Having said that, I should add that as important as finding his birth mother was for Joseph, his search really was about finding himself -- discovering who he is, in all his parts. Just yesterday I met an adoptee who shared that she had reconnected with her birth parents. It went well with her birth mother, but not so well with her birth father. Still, she told me, she was glad she did it because she learned about herself. Knowing her true story, with all its messiness, she said, was much better than not knowing.
Food is mentioned on nearly every page, it seems. It’s also the title! Can you talk about the different ways you use it and why?
I’m with Oliver Twist when he sings, “Food, Glorious Food!” I love food -- making it, eating eat, planning out what I’ll make, and even hearing about what others have prepared or enjoyed for special occasions. Food is one of the most powerful tools I have in my parent toolbox. It’s amazing how a tasty snack or a comforting meal can ease the ouch of a bad day, isn’t it?
Food is also an important tool in my writer’s toolbox. Food can tell readers how a character is feeling, if he/she is loved (by who makes the food and how it is prepared), and it gives insight to a character’s personality and quirks. And I find the dinner table can also be a battleground where power struggles occur. This isn’t always fun for parents or kids, but it’s terrific fodder for authors.
The title KIMCHI & CALAMARI is, of course, symbolic to Joseph’s Italian and Korean sides. Kimchi is a robust pickled cabbage that most Koreans eat daily, and calamari is a special squid dish enjoyed at Italian celebrations. Of course Joseph is neither Korean nor Italian exclusively; he is multilayered, and he has to travel and stumble some to get to this realization.
Were there any threads to your story that were more difficult to write than others?
I must have tried five or six different ways to jump into the story. As writers we know you have to get to the conflict, but it was important to me that KIMCHI & CALAMARI didn’t become a “problem novel,” simply about an adopted kid doing a search. So once that was on track, the plot came fairly smoothly. Revisions took a lot of time; they always do for me, but as much as I grumbled about them, they do strengthen the story.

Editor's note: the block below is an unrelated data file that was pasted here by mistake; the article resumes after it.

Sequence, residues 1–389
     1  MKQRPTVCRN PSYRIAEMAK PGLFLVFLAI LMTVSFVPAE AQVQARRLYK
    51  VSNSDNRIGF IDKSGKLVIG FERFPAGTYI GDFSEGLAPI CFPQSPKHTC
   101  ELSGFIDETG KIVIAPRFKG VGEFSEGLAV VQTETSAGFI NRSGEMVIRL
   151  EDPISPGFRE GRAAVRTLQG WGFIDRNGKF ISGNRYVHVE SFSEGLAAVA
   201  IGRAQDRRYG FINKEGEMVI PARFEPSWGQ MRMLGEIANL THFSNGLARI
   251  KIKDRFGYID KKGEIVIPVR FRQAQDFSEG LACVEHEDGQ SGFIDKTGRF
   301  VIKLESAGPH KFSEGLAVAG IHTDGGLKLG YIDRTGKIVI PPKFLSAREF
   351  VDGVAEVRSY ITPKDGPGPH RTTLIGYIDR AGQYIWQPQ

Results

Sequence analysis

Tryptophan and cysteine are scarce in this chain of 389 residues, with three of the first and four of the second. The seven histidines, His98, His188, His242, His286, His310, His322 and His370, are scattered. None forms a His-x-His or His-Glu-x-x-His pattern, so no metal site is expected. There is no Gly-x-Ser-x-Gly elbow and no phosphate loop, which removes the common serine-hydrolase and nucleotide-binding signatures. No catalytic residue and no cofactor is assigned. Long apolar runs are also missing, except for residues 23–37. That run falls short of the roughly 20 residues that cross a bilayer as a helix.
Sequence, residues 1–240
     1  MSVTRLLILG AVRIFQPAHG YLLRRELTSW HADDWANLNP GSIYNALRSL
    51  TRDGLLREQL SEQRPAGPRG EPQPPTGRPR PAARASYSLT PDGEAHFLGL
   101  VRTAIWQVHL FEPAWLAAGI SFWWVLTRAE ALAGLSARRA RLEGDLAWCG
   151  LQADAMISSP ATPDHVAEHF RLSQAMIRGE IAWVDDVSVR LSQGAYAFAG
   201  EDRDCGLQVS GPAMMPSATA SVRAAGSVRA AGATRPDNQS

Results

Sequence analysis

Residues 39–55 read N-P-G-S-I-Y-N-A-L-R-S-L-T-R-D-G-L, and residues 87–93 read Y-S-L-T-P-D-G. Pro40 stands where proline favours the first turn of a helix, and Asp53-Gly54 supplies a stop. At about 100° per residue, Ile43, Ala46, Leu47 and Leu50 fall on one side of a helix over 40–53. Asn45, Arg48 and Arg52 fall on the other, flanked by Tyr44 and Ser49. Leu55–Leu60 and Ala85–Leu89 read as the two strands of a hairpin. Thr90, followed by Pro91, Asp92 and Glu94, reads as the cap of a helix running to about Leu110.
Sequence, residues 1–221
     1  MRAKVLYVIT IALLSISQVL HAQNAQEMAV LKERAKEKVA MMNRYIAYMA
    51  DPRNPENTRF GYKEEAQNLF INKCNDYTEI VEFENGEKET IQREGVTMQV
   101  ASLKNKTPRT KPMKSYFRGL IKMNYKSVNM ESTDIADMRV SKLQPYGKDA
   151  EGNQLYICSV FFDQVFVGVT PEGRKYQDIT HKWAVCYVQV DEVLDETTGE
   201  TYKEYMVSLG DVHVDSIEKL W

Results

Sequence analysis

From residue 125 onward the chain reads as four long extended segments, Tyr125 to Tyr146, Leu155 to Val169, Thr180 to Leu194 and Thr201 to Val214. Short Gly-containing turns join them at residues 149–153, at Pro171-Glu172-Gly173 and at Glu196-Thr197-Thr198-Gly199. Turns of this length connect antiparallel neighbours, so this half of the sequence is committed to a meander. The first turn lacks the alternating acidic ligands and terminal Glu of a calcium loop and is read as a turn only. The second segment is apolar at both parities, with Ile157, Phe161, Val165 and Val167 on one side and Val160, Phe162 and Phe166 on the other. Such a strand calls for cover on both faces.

We often read about authors who always knew they wanted to be writers. When did you know that you wanted to write? What was some of your early work like? Are any of those early themes and/or characters echoed in KIMCHI & CALAMARI?
I never had that “ah-ha” moment in which I realized, “I must write.” I always wrote. As a child growing up on Long Island I was painfully shy. Teachers would ask questions but I wouldn’t raise my hand. If they called on me, I would turn bright red (I’m freckled too, so I truly looked like a splotchy tomato!). But I wrote with volume and voice, long stories on loose leaf paper. I continued writing during my years as a naval officer. I can remember being aboard an amphibious assault ship off the coast of San Diego and feeling the need to journal about the experience every night, no matter how exhausted I was from standing watch. Finally, having children (and reading to them) brought me full circle to children’s books, and I’m so glad it did.
My first attempt at writing a children’s novel never saw the light of a publishing house. It had lots of hiccups and way too much telling vs. showing, but I’m still proud of that work. Newbery award winning author Joan Bauer says she is as much an author for the stories that published as she is for the ones that didn’t, and I agree with her.
What’s next for Rose Kent?
I’m finishing up a novel called ROCKY ROAD, about Tess, an artistic twelve-year-old girl whose life abruptly changes when her mom moves the family (her and her deaf little brother Jordan) from San Antonio to upstate NY in the dead of winter to open an ice cream shop. I spent three years living in San Antonio, and I live upstate NY now, so this story is dear to my heart. (And doing ice cream research is nothing to complain about!)
And I have another book underway about a biracial boy living in Albany, NY in 1974 and caught between two loves: jazz piano and baseball.